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Use of Thiocyanate Elution to Estimate Relative Avidity of Allergen Specific IgE Antibodies

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Although several methods for estimating avidity of antigen-antibody reactions are available, most are impractical for the study of human IgE antibodies because of a requirement for pure allergen and antibody in relatively large amounts. To determine the relative avidity of specific IgE antibodies for Dermatophagoides pteronyssinus allergens, seven concentrations of the chaotropic thiocyanate ion were used to disrupt epitope-antibody binding in a specific IgE immunoassay system, using sera from 16 allergic patients with marked skin test reactivity to a standardized D. pteronyssinus extract. Relative avidity, the molarity of thiocyanate required to produce a 50% decrement in binding, ranged from 0.29–3.1. Within assay coefficient of variation (CV) was 9.9% and between assay CV was 13%. D. pteronyssinus specific IgE levels ranged from 0.66–141 kUa/L. not correlating with relative avidity (rho = −0.12). Thiocyanate elution appears to be a useful method for estimating relative avidity of specific IgE antibodies for the myriad epitopes of the allergenic proteins in an allergen extract. It could be used to study the immunochemistry of specific IgE assays; avidity maturation in allergen immunotherapy and in asymptomatic but sensitized patients; and preseasonal versus postseasonal changes in avidity within individuals. With a suitable solid phase, it could be modified to examine avidity at the epitope level.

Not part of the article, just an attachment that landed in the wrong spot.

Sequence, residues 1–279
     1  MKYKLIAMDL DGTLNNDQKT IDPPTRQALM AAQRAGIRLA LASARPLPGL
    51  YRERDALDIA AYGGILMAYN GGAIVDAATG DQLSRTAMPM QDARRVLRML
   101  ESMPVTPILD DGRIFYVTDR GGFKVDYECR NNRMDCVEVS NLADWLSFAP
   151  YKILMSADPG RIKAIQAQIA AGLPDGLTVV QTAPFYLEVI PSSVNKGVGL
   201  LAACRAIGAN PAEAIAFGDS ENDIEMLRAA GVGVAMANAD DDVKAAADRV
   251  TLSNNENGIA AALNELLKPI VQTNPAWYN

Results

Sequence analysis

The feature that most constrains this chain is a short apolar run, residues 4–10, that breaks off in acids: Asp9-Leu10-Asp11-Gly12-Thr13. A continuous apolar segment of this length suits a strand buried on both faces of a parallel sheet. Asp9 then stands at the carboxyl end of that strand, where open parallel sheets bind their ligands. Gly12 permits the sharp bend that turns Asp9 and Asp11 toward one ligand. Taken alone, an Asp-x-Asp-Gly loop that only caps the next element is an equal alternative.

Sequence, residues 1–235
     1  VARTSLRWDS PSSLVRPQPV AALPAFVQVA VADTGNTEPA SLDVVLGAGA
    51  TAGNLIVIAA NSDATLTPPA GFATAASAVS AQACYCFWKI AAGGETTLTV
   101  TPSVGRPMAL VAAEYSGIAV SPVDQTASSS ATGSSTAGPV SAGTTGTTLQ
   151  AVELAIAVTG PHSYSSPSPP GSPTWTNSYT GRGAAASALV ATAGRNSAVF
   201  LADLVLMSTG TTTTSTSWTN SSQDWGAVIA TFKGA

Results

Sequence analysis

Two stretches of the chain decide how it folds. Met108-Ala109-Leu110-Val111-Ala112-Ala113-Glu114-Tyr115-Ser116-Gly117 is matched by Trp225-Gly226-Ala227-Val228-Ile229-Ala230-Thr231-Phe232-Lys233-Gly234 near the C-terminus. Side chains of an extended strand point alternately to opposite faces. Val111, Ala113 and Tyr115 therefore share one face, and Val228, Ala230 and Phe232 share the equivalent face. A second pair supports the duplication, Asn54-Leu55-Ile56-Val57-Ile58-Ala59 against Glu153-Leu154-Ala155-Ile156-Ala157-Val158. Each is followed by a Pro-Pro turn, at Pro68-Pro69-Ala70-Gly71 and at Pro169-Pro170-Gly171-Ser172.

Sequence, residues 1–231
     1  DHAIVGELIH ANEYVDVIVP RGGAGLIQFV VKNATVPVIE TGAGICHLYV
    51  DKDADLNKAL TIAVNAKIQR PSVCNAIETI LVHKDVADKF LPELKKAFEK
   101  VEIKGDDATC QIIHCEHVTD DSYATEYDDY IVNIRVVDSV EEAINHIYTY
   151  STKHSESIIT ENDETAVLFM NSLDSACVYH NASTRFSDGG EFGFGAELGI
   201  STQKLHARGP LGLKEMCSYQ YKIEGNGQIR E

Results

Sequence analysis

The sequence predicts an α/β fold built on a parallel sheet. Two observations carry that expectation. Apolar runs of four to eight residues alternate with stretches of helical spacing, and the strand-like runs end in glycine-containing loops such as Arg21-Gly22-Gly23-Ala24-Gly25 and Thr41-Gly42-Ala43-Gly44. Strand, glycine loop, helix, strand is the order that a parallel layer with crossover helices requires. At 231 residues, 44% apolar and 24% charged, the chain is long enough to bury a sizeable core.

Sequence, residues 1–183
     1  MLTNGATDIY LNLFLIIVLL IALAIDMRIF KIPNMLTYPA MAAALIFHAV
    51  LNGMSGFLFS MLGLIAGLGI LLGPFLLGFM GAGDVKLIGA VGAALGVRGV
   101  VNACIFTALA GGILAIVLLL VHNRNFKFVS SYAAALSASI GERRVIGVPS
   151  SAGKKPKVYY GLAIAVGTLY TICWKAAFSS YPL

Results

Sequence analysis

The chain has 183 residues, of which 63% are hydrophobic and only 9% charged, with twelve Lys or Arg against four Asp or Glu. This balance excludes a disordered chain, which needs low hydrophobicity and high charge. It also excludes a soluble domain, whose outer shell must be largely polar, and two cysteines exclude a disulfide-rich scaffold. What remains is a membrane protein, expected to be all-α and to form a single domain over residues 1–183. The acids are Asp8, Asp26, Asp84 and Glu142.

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Document Type: Research Article

Publication date: 1997-11-01

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  • Allergy and Asthma Proceedings is a peer reviewed publication dedicated to distributing timely scientific research regarding advancements in the knowledge and practice of allergy, asthma and immunology. Its primary readership consists of allergists and pulmonologists.

    The goal of the Proceedings is to publish articles with a predominantly clinical focus which directly impact quality of care for patients with allergic disease and asthma.

    Featured topics include asthma, rhinitis, sinusitis, food allergies, allergic skin diseases, diagnostic techniques, allergens, and treatment modalities. Published material includes peer-reviewed original research, clinical trials and review articles.

    Articles marked "F" offer free full text for personal noncommercial use only.

    The journal is indexed in Thomson Reuters Web of Science and Science Citation Index Expanded, plus the National Library of Medicine's PubMed service.
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